Food won’t prevent or cure IBD, but the right diet may diminish symptoms. The strategy is to focus on foods that reduce inflammation, to reestablish healthy bacteria in the gut and to pamper your intestinal tract. Keeping a food diary helps determine which foods trigger flare-ups and which seem to help.

Things to Avoid

  • Avoid any food which may trigger recurrence, such as certain chemicals, raw or cold food. Milk, cheese and other dairy products should be avoided especially if the patients have lactose intolerance.
  • Avoid sugar of all forms; avoid any wheat products especially during acute flare-ups.
  • High roughage food such as raw fruits or vegetables sometimes worsen intestinal obstruction and colic.
  • Alcohol should be avoided as it may be irritating to the stomach and the intestines.
  • Caffeine and carbonated drinks
  • Nuts, seeds, dried fruits
  • Spicy food may trigger certain nerve reactions in the digestive tract.
  • Certain over-the-counter or prescription antidiarrheal drugs may worsen the condition and create toxic megacolon.

What to Add

Everyone has different triggers; therefore it’s difficult to recommend certain types of food and/or supplements. In addition to avoiding the “wrong food,” it is equally important to have adequate calorie and fluid intake as malnutrition and dehydration are common problems associated with ulcerative colitis.  In general, two strategies that work are:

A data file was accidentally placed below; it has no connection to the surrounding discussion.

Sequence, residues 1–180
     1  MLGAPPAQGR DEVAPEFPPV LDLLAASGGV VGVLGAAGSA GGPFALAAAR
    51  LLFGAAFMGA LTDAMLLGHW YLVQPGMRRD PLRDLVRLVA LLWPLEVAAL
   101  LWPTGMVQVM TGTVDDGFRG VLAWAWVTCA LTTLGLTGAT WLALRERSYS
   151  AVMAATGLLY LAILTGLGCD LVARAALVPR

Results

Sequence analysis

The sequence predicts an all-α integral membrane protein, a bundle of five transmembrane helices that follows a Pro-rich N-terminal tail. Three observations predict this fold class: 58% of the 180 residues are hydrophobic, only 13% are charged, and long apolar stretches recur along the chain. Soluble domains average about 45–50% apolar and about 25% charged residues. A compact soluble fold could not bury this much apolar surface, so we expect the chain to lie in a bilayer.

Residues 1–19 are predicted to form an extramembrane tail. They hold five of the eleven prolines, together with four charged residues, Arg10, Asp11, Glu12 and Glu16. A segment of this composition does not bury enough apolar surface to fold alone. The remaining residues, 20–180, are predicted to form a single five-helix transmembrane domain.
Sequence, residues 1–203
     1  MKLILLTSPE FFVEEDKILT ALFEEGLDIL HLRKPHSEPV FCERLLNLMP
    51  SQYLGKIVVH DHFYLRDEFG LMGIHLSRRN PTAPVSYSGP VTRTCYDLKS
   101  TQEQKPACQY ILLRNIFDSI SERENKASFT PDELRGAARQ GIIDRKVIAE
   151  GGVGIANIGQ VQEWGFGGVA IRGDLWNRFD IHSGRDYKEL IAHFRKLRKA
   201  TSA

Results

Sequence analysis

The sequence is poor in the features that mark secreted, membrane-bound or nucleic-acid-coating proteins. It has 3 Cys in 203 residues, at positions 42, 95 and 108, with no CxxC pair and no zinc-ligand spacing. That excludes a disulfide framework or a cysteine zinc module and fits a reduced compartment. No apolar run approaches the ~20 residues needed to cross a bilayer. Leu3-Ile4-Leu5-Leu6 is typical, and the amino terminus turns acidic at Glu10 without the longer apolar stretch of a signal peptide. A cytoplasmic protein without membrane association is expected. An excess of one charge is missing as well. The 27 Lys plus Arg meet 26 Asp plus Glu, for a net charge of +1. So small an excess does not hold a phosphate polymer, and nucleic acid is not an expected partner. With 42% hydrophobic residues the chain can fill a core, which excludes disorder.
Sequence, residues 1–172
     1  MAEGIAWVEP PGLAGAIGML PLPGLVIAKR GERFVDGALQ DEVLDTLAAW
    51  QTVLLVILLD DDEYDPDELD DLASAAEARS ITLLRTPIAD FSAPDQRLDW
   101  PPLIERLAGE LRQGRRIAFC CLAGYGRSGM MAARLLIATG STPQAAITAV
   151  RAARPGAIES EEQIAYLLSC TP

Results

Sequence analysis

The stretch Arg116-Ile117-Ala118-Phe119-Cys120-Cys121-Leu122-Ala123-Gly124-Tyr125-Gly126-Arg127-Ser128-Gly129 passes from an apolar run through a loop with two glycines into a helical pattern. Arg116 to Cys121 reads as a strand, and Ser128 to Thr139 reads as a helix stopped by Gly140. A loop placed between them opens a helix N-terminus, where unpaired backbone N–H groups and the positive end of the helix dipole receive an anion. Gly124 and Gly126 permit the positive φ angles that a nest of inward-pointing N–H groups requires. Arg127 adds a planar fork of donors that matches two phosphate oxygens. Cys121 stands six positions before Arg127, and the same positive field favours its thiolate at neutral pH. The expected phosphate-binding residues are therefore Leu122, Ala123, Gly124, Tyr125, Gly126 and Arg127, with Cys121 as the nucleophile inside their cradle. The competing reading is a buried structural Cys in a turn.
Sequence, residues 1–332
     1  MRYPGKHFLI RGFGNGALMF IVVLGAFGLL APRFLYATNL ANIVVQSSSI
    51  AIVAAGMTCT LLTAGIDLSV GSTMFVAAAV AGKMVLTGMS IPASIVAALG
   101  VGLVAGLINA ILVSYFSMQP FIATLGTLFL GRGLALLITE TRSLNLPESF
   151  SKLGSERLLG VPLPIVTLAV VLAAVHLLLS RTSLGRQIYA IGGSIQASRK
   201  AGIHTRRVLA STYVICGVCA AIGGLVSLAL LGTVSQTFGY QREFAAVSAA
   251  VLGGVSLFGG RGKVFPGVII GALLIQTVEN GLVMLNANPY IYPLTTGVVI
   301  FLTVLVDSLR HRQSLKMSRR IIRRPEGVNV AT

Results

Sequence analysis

• A bland, low-fiber may best during acute flares.
  • Eat 5 or 6 small meals a day.

All of the following recommendations should not be taken unless supervised by a qualified health care provider.

  • Oral iron supplements for those with frequent bleeding.
  • Folic acid: Many people who have ulcerative colitis have low levels of folic acid in their blood.
  • Omega-3 fatty acids found in fish oil: DO NOT take high doses of fish oil if you take blood-thinning medication.
  • Probiotics: Consult your doctor to be sure probiotics are appropriate for your case.
  • Vitamin D: is necessary to maintain strong bones. People with ulcerative colitis, especially those who take corticosteroids, often have low levels of vitamin D and are at risk for osteoporosis.
  • Calcium: is also needed for strong bones. Ask your doctor if you need a calcium supplement.
  • N-acetyl glucosamine: Preliminary research suggests that N-acetyl glucosamine supplements or enemas may improve symptoms of inflammatory bowel disease.
  • Psyllium seeds: Psyllium is a type of insoluble fiber, and may be irritating to some people, especially during flares. Some people may have better results using soluble fiber, such as flax seed or oat bran, in combination with or instead of psyllium.
  • Boswellia: Boswellia has anti-inflammatory properties.
  • Curcumin or turmeric: This has anti-inflammatory properties. People with gallbladder disease or gastro esophageal reflux disease (GERD), hormone-related cancers, or people who are taking blood-thinning medications, should not take curcumin without first consulting with their doctors.
  • Slippery elm: is a demulcent (protects irritated tissues and promotes their healing). Women who may be pregnant should never take slippery elm.
  • Marshmallow: is a demulcent and emollient. Avoid marshmallow if you have diabetes.
  • Chamomile: is often used to soothe digestive tract. It is usually taken as a tea. Chamomile can cause allergic reactions in some people, particularly those who are sensitive to ragweed. Medicine